In a recent article, CAUT President Wayne Peters notes that “At a time when we are flooded with streams of information coming at us in all forms and from all sources, it is extremely odd and contradictory that libra­rians would be deemed less than essential”. He is arguing for academics to understand and promote the work of librarians at universities, claiming that they are ‘under attack’ in an age when information has exploded out of the walls of the physical library. I agree with Peters: it doesn’t make much sense for library administration to assume that technology can replace the trained information professional. Technological advances such as the World Wide Web and the search engine may indeed have made more information more available to more people, but that doesn’t mean that there is no longer a need to collate, organize, and preserve this information. In reality the need for these skills should be more in demand than ever before. They should be so in demand, I would argue, that to leave librarians as the sole gate-keepers of information might not be enough. Academics from any profession that deems the past a necessary part of the future should be willing to work with librarians and archivists to understand the technological changes the world of information is undergoing and to assist in the preservation of this digital environment.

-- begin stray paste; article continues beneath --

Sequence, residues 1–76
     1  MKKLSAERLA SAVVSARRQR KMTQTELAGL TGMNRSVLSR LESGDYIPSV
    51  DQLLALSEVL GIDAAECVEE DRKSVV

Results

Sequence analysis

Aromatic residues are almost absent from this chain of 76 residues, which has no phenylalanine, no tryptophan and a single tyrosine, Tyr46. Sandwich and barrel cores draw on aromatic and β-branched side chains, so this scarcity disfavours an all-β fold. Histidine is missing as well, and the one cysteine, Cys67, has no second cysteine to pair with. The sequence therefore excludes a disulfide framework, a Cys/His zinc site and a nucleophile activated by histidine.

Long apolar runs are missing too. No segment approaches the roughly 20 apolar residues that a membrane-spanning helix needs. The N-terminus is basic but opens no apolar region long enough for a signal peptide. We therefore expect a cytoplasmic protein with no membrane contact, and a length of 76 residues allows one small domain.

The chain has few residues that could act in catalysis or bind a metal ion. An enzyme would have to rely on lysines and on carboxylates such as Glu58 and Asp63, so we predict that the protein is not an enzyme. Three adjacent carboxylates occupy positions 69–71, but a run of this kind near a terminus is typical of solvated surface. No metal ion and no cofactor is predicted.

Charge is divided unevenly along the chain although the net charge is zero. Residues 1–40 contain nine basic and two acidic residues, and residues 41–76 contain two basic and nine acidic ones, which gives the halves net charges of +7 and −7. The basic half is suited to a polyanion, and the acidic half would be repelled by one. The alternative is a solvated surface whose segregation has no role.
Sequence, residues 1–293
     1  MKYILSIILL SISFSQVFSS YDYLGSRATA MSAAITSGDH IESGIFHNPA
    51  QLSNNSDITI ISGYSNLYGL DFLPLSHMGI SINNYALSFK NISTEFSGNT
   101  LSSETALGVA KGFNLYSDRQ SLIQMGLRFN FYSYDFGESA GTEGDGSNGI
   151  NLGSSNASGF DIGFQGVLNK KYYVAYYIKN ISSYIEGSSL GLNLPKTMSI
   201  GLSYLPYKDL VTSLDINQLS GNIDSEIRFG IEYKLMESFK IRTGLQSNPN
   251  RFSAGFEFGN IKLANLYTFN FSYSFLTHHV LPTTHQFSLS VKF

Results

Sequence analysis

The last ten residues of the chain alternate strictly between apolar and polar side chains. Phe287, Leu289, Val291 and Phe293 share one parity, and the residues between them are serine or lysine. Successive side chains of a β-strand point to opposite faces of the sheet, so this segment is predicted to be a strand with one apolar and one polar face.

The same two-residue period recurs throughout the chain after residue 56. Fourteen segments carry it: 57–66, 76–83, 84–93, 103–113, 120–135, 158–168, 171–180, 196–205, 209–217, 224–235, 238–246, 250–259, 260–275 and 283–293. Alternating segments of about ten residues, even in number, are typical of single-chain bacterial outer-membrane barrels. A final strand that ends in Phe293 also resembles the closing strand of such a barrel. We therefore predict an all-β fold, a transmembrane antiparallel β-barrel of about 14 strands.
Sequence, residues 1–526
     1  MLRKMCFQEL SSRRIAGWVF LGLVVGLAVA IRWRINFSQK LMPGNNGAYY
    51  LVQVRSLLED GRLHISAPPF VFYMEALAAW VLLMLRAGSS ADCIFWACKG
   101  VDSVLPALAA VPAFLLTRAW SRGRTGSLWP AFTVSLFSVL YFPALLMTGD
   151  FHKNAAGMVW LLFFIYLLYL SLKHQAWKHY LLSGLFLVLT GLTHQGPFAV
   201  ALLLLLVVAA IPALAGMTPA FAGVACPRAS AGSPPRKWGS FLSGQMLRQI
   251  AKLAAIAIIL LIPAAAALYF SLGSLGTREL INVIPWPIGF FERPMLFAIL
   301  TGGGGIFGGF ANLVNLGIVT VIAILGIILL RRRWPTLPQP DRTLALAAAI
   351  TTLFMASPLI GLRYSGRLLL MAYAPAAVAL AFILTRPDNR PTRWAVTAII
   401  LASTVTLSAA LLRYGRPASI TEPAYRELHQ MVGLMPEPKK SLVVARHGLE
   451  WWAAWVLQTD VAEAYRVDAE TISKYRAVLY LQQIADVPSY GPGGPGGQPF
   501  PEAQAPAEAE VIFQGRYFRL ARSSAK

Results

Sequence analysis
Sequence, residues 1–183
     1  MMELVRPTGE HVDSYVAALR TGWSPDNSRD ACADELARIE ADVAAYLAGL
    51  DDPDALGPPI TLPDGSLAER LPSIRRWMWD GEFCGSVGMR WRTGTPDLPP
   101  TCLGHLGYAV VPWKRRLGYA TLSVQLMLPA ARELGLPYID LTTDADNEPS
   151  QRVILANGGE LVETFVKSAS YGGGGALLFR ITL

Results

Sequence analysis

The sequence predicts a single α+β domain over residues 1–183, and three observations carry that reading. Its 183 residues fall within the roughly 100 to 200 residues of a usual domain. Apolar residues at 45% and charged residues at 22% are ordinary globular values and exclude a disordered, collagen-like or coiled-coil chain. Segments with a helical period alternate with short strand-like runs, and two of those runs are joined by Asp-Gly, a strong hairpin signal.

One example of this type of scholar is historians, who are well aware that their profession is a’changing. The future historians (those who study the year 2000, for example) will no longer face the scarcity of human records that the profession has been dealing with for decades. Information is plentiful. The world’s population has just surpassed 7 Billion people. With information such as census records, credit card bills, tax payments, and genealogical trees all readily available online, the historian will no longer have to construct the past from a few small records, but will have piles of information to sort through in order to ‘rebuild’ someone’s life. And, of course, it doesn’t stop there… as privacy concerns lessen, people of all ages post information about themselves, such as phone numbers, addresses, conversations with friends, and photographs all over social websites like Facebook, Twitter, and LinkedIn. In April of 2010, the Library of Congress announced that it was going to digitally archive all public tweets made since 2006. Just imagine what historians could have done with the collected daily thoughts of Napoleon or Elizabeth I. Now those will be available for the 80 million users of Twitter, plus those that don’t use the service, but are spoken about by people who do!